The last week of 2007 marks the first anniversary of the onset of madhesi protests. It was exactly a year ago that madhesi groups began to rally opinion against the interim constitution not addressing the issue of federalism and an unfair electoral system.
The Nepalganj riots of December 2006 exposed the state's partisan handling of the issue and fuelled anger across the tarai, culminating into the movement.
One year later, the climate of pessimism that engulfs Kathmandu is contagious, and disillusionment is widespread. But from the perspective of the madhes, 2007 has been transformative. Nepal is not the same country anymore. Nepal can never be described anymore as just a country of mountains, even in a tourist brochure.
Any party that ignores madhesi sentiments cannot remain a national entity for long. Any politician, who thinks he can take the madhesi vote for granted, commits political suicide. Never again will Kathmandu be able to tell a madhesi politician not to wear a dhoti to parliament or speak in his own language.
All government departments have been forced to at least appear sensitive about the need to include madhesis. Even the insular mafia of international organisations in the capital has had to wake up. The World Bank is adding a chapter to a major study on exclusion in which they had originally forgotten all about madhesis.
But any Nepali who derisively dismisses a madhesi as "dhoti" can't get away with it anymore. A madhesi friend who lives in Kupondole reports that he used to look down and walk away when abused. Today, there are no more insults. If this is happening in the capital, where madhesis are relatively insecure, think about their level of confidence in the tarai.
A lot more needs to be done. The state needs to be transformed in systemic terms and redefining who a Nepali is will be a long process. But an irreversible process of political and social change is underway that will alter the relationship between the state and madhesis, between hill-origin people and madhesis, and among madhesis themselves.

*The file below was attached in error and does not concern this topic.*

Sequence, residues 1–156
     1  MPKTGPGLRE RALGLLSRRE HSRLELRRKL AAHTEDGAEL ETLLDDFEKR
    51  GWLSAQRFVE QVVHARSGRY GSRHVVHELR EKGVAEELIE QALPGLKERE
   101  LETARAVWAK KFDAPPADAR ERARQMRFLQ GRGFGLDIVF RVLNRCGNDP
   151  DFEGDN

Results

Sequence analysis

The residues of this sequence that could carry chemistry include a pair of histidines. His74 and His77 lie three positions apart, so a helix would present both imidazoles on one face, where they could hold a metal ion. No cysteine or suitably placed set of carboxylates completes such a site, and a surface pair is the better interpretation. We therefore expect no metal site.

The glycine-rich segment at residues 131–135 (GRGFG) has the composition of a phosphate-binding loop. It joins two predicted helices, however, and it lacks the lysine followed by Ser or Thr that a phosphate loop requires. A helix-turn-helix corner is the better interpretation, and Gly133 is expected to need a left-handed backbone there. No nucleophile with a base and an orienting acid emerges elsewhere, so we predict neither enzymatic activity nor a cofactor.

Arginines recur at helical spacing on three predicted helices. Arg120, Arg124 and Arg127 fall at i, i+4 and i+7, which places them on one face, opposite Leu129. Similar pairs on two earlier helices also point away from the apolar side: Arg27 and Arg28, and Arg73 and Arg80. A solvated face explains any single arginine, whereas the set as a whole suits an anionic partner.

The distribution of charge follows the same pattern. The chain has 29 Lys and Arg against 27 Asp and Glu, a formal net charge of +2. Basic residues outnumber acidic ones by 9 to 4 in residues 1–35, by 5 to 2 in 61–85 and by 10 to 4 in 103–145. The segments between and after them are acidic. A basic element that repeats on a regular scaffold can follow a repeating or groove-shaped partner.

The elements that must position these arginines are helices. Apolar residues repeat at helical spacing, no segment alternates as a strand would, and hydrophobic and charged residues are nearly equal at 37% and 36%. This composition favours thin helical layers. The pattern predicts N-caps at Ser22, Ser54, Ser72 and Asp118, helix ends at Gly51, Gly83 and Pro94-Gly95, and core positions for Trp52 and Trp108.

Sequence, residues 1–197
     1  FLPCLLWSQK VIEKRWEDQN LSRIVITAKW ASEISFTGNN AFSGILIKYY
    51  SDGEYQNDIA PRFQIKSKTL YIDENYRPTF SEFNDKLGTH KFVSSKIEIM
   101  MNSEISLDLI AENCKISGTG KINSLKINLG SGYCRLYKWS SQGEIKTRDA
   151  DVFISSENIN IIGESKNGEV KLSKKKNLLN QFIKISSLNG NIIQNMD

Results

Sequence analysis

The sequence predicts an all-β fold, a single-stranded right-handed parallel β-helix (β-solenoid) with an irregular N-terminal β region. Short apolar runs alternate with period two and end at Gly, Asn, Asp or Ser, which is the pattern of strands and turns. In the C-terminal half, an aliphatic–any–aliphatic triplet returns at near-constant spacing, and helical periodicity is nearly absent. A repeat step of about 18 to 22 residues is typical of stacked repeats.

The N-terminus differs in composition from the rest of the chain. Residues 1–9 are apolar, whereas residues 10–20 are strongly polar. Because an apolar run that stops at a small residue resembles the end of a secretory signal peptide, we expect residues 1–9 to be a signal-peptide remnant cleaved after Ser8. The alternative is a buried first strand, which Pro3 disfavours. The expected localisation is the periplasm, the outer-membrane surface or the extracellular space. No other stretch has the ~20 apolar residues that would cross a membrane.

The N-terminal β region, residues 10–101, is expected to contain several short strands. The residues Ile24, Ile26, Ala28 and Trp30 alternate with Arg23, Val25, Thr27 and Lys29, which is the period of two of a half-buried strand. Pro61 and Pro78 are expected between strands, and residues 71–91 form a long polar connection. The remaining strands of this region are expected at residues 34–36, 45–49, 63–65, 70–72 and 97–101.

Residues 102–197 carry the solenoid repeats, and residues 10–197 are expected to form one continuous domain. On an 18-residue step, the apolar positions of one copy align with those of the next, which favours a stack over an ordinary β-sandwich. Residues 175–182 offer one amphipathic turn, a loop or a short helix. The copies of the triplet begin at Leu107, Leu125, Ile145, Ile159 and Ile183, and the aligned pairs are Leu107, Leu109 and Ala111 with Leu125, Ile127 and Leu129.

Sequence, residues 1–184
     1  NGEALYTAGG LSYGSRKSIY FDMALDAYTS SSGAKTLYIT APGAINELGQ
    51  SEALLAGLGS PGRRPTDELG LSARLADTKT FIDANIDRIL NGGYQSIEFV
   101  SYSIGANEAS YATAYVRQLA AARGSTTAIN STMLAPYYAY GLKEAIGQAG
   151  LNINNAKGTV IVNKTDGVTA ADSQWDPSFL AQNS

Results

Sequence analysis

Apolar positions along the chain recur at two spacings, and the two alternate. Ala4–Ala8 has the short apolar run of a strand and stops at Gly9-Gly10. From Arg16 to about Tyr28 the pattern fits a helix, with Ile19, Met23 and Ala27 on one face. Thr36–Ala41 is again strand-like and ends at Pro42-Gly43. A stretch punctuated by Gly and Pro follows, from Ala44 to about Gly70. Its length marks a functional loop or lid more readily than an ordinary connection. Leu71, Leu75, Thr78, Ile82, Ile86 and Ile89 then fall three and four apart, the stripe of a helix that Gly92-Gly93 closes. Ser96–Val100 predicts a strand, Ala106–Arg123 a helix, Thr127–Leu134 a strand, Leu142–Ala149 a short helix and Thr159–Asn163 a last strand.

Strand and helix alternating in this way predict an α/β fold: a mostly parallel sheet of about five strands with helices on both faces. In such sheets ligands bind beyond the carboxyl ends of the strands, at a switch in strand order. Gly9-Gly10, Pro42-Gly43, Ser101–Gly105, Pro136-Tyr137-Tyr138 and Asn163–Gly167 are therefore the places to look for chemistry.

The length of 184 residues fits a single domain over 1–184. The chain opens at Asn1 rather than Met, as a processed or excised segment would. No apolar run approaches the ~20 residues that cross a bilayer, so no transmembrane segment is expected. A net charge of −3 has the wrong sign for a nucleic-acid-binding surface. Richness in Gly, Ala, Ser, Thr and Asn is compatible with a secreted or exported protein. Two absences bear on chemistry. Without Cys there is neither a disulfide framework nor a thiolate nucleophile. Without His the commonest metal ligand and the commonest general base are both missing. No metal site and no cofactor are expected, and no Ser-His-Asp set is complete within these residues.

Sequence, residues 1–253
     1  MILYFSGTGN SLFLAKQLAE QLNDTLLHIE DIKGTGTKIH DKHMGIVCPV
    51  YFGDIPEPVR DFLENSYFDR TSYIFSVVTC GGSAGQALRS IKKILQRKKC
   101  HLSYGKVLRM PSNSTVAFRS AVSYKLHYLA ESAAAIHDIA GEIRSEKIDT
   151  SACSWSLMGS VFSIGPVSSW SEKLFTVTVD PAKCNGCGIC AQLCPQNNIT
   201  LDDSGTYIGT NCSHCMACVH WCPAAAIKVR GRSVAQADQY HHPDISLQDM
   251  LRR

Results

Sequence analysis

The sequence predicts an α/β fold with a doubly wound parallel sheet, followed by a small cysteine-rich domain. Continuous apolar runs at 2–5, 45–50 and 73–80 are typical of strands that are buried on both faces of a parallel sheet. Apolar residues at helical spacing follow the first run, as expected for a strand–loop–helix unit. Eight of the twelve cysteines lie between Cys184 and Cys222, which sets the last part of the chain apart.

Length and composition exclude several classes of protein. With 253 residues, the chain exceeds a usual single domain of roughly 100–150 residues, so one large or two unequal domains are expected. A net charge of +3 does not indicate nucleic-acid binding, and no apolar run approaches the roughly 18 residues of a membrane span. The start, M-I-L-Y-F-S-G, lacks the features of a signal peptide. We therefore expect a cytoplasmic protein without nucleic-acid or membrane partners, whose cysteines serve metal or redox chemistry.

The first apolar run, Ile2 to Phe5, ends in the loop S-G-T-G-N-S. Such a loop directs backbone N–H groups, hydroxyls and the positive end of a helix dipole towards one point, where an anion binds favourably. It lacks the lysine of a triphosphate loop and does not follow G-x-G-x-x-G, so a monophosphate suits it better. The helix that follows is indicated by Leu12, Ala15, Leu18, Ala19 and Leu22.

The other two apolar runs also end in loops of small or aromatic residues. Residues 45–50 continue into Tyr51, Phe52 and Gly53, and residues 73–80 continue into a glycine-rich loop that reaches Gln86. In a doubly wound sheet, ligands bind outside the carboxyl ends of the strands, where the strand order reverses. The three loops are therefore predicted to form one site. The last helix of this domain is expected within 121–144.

But precisely because of the enormity of this change, the madhesi political leadership and society at large needs to sit back and answer some difficult questions. Is the end goal a secessionist movement or a struggle for rights within Nepal? If it is the latter, madhesi leaders need to stop throwing the independence card even as a bargaining chip as Hridayesh Tripathi, Upendra Yadav and Rajendra Mahato have done in public in recent weeks and others do in private conversations.
If this is a struggle for rights, why is the madhesi leadership and civil society a part of the conspiracy of silence against the attack on pahadis in the tarai? This breakdown of social fabric must rank as among the most unfortunate aspects of the past year.
Where do the dalits fit in vis-a-vis the movement, or is the aim to replace one form of discrimination with another? How will madhesi leaders deal with the Tharus and Muslims who often want to assert an independent identity and are skeptical of exclusivist rhetoric?
Do the madhesi activists want a quick election so they can fight for rights within the elected assembly? Or do they want certain pre-conditions fulfilled before polls? How can there possibly be immediate proportionate inclusion of madhesis in state structures? Is the Madhes as one federal unit from east to west viable or even desirable? Why are moderate leaders winking at the armed groups and abetting the criminalisation of politics? And why are madhesi leaders fighting over the share of a cake that doesn't even exist yet?
Last week's editorial in this paper called 2007 the 'lost year'. The description is apt in many respects: a myopic political class, a peace process that appears to be in permanent crisis, no polls, no development. But if there is one achievement for which this year will be remembered, it will be because the madhesis found their voice.